Gardeners looking to connect with their Irish ancestral roots may choice from an array of interesting Irish-inspired flowers. Creating an Irish garden involves using Irish wildflowers along with other plants associated with the Green Isle. Here are a few flowers that can inspire the Celtic spirit.
Bells-of-Ireland, Molucella laevis, is an annual that can grow as large as 3 feet tall. This member of the mint family features square, erect stems with clusters of leaves and flowers. According to University of Arkansas Division of Agriculture, Bells-of-Ireland are often sold as cut flowers, but they can be grown at home from seed. “The white flowers are relatively small and inconspicuous but the green, bell-shaped calyx surrounding each bloom is large and showy,” the website states. In addition, UA states that although this greenish-cream colored flower is commonly referred to as an Irish plant, it originated in the Mediterranean region. Bells-of-Ireland enjoys sandy, well-drained soil and full sun in USDA hardiness zones 4 through 9.
Irish shamrock, oxalis acetosella, is sold throughout the United States as a houseplant in supplementation to the white clover, Trifolium repens, that St. Patrick used to illustrate the holy trinity to the Irish people. Iowa State University Extension states that the original white clover is difficult to grow and thus the oxalis version is used as a more popular substitute. Irish shamrocks feature red and green foliage and white, pink or yellow flowers. According to ISU, shamrocks prefer full sun and will bloom throughout the winter if brought inside and placed in a sunny window. In addition, they respond well to dry soil conditions in USDA hardiness zones 6 through 10.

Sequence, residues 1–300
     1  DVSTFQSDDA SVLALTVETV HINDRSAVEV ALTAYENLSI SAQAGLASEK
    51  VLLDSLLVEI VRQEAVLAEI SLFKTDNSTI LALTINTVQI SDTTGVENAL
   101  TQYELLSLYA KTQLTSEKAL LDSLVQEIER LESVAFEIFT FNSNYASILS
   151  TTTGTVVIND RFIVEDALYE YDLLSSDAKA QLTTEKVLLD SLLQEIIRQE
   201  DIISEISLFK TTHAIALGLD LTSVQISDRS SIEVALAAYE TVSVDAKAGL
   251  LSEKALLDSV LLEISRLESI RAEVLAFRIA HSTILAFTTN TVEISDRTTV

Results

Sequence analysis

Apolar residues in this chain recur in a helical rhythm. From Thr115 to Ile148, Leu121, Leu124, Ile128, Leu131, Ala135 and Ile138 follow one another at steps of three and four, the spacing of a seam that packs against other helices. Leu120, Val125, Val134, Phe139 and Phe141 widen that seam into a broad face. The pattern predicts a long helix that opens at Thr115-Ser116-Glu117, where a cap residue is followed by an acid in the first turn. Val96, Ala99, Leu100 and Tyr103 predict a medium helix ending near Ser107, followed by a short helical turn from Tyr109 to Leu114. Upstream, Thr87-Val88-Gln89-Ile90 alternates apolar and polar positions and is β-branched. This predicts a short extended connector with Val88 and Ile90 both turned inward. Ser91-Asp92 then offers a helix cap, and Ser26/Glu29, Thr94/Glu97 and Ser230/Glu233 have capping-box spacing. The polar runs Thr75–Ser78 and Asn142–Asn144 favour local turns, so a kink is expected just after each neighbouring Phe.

Common foxglove, Digitalis Purpurea, is a biennial that thrives in cool, moist conditions, which may be why this showy flower is commonly associated with the damp and shady Irish garden. Foxglove is also used medicinally, Washington State University states. “Foxglove is a source of digitalis prescribed by doctors to strengthen the heart and regulate its beat. They are great garden plants for shady borders and woodland gardens,” the website states. Foxgloves features tall flower stalks that come in purple, lavender, yellow and white and thrive in USDA hardiness zones 4 through 10.
Yarrow, Achillea millefolium, is an Irish wildflower that flourishes in full sun and dry soil. Yarrow features flora comprised of small round clusters that come in yellow, red, pink and orange. The University of Illinois Extension states that yarrow is a fast-spreading plant in fertile soil conditions. Yarrow is commonly grown in USDA hardiness zones 3 through 9.